It is increasingly clear, however, that Captain Schettino provides a convenient scapegoat for what may be villainy of an entirely different order: the ruthless capitalist calculus of the cruise industry. It now seems that the decision to approach the coast for a “bow” and the delayed evacuation order may have originated in the Genoese offices of Costa Cruises, where questions like the assignment of legal and monetary liability seem to have mattered as much as the lives of three thousand low-cost, low-season tourists. (Not to mention stowaways—so many stowaways, secret guests, and undocumented workers that the port authorities no longer take any of their own statistics about the numbers of dead and missing as definite.) Furthermore, the daredevil maneuver that ended on the rocks of Giglio has been more of a tradition among these massive luxury ships than any cruise operator would like to admit. (Costa, like many other cruise lines, is now a subsidiary of the giant Carnival Corporation). And how about those Russians in their lifeboats? Does anyone really imagine that evacuation of the Concordia was any less laced with class—or at least monetary—distinctions than the evacuation of the Titanic?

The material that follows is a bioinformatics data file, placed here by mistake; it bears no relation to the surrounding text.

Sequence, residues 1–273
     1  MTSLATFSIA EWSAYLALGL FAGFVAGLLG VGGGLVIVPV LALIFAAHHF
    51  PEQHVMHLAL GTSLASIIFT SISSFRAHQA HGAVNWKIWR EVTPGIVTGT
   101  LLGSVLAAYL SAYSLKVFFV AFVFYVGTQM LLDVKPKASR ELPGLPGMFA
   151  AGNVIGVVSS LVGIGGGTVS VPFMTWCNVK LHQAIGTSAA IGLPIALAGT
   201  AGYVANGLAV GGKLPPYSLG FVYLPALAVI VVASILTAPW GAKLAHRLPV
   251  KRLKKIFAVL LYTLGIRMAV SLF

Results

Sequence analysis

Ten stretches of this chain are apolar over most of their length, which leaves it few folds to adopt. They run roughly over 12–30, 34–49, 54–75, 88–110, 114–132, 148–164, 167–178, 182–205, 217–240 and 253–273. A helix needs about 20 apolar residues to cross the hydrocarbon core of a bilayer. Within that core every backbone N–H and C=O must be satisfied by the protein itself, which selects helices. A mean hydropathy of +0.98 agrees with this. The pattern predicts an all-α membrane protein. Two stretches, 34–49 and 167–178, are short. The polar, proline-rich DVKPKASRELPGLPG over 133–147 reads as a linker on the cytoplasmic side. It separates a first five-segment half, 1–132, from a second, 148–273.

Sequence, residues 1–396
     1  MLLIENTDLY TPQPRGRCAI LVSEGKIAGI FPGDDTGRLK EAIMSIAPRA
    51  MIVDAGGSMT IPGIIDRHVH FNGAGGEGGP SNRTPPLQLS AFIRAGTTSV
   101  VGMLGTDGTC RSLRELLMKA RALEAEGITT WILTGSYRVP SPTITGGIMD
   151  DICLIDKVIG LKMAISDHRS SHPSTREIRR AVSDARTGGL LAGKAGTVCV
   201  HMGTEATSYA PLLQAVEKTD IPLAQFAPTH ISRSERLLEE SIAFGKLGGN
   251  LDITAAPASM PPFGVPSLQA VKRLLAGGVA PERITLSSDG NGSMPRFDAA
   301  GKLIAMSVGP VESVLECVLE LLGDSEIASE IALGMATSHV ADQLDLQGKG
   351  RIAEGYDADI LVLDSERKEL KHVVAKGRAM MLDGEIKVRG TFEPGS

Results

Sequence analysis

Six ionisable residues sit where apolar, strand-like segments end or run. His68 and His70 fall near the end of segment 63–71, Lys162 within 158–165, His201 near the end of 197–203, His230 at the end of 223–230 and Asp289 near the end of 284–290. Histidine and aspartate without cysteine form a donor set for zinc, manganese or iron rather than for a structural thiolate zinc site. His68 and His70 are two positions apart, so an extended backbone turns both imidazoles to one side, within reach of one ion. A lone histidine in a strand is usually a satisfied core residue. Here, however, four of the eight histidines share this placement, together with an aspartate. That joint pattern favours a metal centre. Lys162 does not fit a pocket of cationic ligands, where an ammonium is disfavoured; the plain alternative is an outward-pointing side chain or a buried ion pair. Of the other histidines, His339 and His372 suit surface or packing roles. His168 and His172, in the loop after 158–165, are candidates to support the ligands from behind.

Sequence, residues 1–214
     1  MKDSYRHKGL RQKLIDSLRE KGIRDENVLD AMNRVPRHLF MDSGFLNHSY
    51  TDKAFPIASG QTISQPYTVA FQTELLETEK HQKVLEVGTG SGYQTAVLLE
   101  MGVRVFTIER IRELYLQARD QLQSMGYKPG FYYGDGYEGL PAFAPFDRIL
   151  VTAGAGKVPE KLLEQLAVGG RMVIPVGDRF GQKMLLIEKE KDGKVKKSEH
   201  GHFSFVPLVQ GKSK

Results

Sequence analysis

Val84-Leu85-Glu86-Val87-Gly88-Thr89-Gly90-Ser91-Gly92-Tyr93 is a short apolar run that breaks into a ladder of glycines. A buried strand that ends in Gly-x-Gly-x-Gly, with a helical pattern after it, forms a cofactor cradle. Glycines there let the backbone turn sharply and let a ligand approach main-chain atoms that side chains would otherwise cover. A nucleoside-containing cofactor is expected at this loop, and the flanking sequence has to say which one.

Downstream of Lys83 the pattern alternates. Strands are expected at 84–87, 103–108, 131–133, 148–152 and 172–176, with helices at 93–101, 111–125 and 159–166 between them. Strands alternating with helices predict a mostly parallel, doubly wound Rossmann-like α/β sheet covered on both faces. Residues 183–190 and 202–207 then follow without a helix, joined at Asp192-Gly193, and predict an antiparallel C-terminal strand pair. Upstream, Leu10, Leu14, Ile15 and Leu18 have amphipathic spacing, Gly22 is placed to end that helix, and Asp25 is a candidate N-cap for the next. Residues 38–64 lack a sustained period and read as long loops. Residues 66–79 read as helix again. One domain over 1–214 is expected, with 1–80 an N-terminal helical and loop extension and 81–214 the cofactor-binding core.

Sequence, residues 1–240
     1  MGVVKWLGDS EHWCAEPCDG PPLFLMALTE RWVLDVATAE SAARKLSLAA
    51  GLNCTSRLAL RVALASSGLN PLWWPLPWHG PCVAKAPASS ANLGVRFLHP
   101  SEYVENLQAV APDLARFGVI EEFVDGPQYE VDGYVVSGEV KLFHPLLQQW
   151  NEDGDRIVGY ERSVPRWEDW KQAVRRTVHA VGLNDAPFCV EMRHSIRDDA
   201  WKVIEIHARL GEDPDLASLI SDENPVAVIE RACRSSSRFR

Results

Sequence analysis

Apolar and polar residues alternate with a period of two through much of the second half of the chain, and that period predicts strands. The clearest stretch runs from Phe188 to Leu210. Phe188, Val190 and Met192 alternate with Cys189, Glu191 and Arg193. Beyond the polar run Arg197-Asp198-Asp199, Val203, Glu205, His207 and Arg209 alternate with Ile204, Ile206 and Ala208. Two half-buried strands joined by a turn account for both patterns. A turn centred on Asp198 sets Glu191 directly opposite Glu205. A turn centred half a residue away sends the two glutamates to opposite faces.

It is hard to know who we, who coach from the sidelines, might really turn out to be if we should ever run up on the shoals: one of the passengers who snatched other people’s life vests, stepped on little kids, and escaped early, or one of those who turned back to save one more person more helpless than themselves and never escaped at all, like the missing musician, age 25, who let a woman with a baby take his place on a lifeboat. It is so easy to judge a a situation that most of us cannot imagine.
And of course there are larger questions crowding the surface of these troubled waters. Old salts are shocked by the idea of a captain who abandoned his ship. Ostensibly, the timeless, immutable law of the sea is the cement that binds an international crew like the thousand-plus who worked on the Costa Concordia, the law that bound even the immortal cads of Greek myth to keep faith with their crews. Wily Odysseus, perfidious Jason, and fickle Theseus would no sooner have abandoned their long ships than paragons of naval responsibility like Horatio Hornblower, Jack Aubrey, and Giocante Casabianca, the twelve-year-old boy who “stood on the burning deck” in Felicia Hemans’ famous poem of 1826, and really did stand firm aboard his father’s ship, L’Orient, as Lord Nelson’s navy pounded away at Napoleon’s fleet in the Egyptian bay of Abou Qir in 1798; English sailors noticed the boy on the wounded vessel just before a cannon ball hit L’Orient’s powder magazine and the entire ship exploded. The third officer of the Italian ocean liner Andrea Doria, sunk in a collision in 1956, still remembers that the captain of that vessel, desperate with shame, had to be convinced not to sink together with his ship; many of his predecessors, not to mention young Giocante Casabianca, did just that.